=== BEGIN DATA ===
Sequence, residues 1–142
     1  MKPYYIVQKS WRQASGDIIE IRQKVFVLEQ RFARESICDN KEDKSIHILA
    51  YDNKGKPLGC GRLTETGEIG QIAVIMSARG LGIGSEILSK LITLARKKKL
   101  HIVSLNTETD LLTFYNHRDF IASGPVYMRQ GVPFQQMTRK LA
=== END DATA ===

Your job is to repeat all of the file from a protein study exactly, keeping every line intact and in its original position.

Sequence, residues 1–142
     1  MKPYYIVQKS WRQASGDIIE IRQKVFVLEQ RFARESICDN KEDKSIHILA
    51  YDNKGKPLGC GRLTETGEIG QIAVIMSARG LGIGSEILSK LITLARKKKL
   101  HIVSLNTETD LLTFYNHRDF IASGPVYMRQ GVPFQQMTRK LA